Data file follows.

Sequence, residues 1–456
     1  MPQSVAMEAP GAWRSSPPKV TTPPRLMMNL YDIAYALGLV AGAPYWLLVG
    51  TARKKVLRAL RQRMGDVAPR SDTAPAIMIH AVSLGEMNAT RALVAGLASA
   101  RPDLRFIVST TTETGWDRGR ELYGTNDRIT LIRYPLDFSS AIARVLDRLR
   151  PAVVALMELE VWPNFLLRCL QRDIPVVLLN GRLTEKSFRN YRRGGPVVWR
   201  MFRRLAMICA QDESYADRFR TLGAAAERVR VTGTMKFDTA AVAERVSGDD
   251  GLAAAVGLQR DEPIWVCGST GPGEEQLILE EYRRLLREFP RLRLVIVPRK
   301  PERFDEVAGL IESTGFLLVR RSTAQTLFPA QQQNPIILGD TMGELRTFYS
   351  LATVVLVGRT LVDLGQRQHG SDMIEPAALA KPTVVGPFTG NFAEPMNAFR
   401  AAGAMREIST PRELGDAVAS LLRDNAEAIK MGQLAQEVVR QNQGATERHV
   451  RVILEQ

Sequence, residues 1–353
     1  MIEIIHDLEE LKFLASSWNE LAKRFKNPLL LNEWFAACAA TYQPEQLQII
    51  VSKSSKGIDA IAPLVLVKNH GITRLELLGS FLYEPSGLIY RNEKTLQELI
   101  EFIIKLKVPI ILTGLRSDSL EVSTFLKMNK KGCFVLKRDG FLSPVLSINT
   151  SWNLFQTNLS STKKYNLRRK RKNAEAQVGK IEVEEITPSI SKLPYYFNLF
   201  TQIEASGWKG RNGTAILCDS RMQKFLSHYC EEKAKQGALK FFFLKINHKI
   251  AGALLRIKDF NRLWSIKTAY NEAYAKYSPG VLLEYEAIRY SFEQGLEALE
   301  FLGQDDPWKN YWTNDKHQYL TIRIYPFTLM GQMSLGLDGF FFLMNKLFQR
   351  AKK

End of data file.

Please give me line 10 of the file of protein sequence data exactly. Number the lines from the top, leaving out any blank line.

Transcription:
   401  AAGAMREIST PRELGDAVAS LLRDNAEAIK MGQLAQEVVR QNQGATERHV